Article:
Get your Irish straight

Print Article

At best, it’s misplaced love for all things Irish.

At worst, it’s cultural appropriation, and wrongly done at that.

We’re quick to correct American stereotypes, even when kindly meant. So if we love feeling Irish — even for a day — shouldn’t we get it right? I asked a Post Falls resident, former Miss Northern Ireland and BBC journalist Katherine Dillon Eckhoff, to help.

Forget the “four-leaf clover.” It’s neither Irish nor good luck, and naught to do with shamrocks. The three-leafed shamrock is a symbol of St. Patrick, who used it to represent the Holy Trinity while converting the Irish. A four-leaf clover is, ironically, an English Druid symbol, as is the pinching-and-luck business (remember, the English aren’t exactly popular in Ireland).

“Kiss me I’m Irish” — No Irish would be caught dead wearing that; “it’s bloody nonsense!”

Corned beef and cabbage? Ugh. They prefer steak, salmon, or roast lamb, rarely eating corned beef and never boiling it.

Call it St. Patrick’s or Paddy’s Day. Patty is short for Patricia, a girl’s name Saint Patrick wouldn’t appreciate. Nor did he drive away any mythical snakes.

And it is all about the revered St. Patrick in Ireland, not drinking green beer, which is for tourists. Traditional Irish celebrations begin with High Mass.

“Children saved up for gold-colored harps, and traditional pennants of green, white, and gold of the Irish flag worn on their coat lapels to morning mass,” Katherine told me. “Saint Patrick’s Day is during Lent, so for those seven weeks, people in Ireland gave up something. When I was a child they observed fasting... Like a mini Ramadan. Men stopped drinking, and children gave up sweets, but on Saint Patrick’s Day we got a dispensation from the Pope to celebrate without interfering with our Lenten pledges.”

Thus with Papal permission, after mass on March 17 the Irish “stuff themselves” with food, candy Easter eggs, plus a drink — the only opportunity during Lent — at the pub, where group singing still tends to spontaneously erupt.

Speaking of music, bagpipes (and tartan kilts) are Scottish. Irish pipes are the Uilleann pipes, played underarm and which sound softer, like Irish St. Patrick’s Day celebrations.

“May your blessings outnumber the shamrocks that grow, and may trouble avoid you wherever you go.” — Irish blessing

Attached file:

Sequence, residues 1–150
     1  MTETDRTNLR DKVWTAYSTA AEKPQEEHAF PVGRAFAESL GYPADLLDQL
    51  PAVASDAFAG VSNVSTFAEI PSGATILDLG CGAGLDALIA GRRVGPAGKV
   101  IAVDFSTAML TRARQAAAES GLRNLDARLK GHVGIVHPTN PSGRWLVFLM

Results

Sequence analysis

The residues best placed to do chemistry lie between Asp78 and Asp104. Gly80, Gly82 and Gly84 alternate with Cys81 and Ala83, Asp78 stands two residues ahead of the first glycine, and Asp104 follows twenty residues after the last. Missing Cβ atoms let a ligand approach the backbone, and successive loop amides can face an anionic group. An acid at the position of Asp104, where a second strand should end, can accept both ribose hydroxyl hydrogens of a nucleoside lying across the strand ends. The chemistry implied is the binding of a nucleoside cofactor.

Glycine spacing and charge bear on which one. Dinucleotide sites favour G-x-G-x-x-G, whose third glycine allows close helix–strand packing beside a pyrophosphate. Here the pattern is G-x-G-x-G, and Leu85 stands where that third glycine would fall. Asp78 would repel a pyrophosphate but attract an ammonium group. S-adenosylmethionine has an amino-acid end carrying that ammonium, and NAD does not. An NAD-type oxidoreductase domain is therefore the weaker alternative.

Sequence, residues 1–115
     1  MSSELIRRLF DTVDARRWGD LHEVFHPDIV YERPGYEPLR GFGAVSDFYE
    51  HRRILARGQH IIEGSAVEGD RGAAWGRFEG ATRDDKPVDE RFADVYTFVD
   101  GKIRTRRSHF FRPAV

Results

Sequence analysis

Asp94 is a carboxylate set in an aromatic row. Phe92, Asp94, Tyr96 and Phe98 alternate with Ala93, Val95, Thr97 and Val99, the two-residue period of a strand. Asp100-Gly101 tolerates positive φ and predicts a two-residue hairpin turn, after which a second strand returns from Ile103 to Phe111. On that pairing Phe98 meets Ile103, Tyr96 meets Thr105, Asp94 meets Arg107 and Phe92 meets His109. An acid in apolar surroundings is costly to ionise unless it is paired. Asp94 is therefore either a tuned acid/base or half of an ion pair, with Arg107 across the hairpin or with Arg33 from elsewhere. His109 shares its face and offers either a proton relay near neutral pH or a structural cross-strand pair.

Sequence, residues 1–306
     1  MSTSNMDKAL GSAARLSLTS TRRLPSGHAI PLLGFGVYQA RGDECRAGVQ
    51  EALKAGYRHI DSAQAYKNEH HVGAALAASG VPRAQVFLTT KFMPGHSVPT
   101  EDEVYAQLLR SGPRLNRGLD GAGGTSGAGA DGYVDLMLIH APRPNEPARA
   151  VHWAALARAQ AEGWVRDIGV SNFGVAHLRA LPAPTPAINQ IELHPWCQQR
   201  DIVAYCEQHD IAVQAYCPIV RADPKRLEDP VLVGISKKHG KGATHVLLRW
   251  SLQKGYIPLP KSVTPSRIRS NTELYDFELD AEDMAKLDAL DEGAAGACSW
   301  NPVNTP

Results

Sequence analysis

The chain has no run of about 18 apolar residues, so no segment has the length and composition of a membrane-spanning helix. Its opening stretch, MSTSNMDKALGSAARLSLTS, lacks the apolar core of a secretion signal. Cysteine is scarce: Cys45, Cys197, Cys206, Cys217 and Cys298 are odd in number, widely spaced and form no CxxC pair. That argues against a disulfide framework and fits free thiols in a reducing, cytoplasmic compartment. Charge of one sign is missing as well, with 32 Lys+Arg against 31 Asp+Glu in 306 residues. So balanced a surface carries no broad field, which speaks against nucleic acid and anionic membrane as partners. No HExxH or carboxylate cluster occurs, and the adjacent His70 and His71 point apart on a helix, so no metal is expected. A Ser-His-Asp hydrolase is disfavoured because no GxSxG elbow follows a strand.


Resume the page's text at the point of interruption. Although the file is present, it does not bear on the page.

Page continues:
• • •

Sholeh Patrick wishes everyone a Happy (St.) Patricks’ Day, even those not lucky enough to share the name. Irish blessings and jokes welcome at (Berni, that means you.)

Print Article

Read More Sholeh Patrick

Irish gifts go beyond good beer

March 15, 2018 at 5:00 am | Coeur d'Alene Press It’s almost Patricks’ Day (no, that’s not a typo) — time for corned beef stewed in Irish stout (this “poor man’s” dinner is mostly an American tradition), and shepherd’s pie (that’s more Irish). Br...


Read More

Here’s how presidents made some words OK

March 13, 2018 at 5:00 am | Coeur d'Alene Press Presidential influence transcends both terms and politics. Presidents change language, sometimes permanently. And that’s “OK.” Attempts to explain the origin of one of the world’s most popular wor...


Read More

Biggest barriers are from within

March 08, 2018 at 5:00 am | Coeur d'Alene Press Shout out to all you women today, and feminists of any gender. International Women’s Day 2018 is time to “Press for Progress” — in pay parity, career mobility, political power and access, medical res...


Read More

Standards apply to nonprofit boards, too

March 06, 2018 at 5:00 am | Coeur d'Alene Press News of an alleged major theft from a local charitable organization brings to mind the conundrum facing every charity: Getting well-qualified, volunteer board members willing to put in the work and a...


Read More

Contact Us

(208) 664-8176
215 N. Second St
Coeur d'Alene, Idaho 83814

©2018 The Coeur d'Alene Press Terms of Use Privacy Policy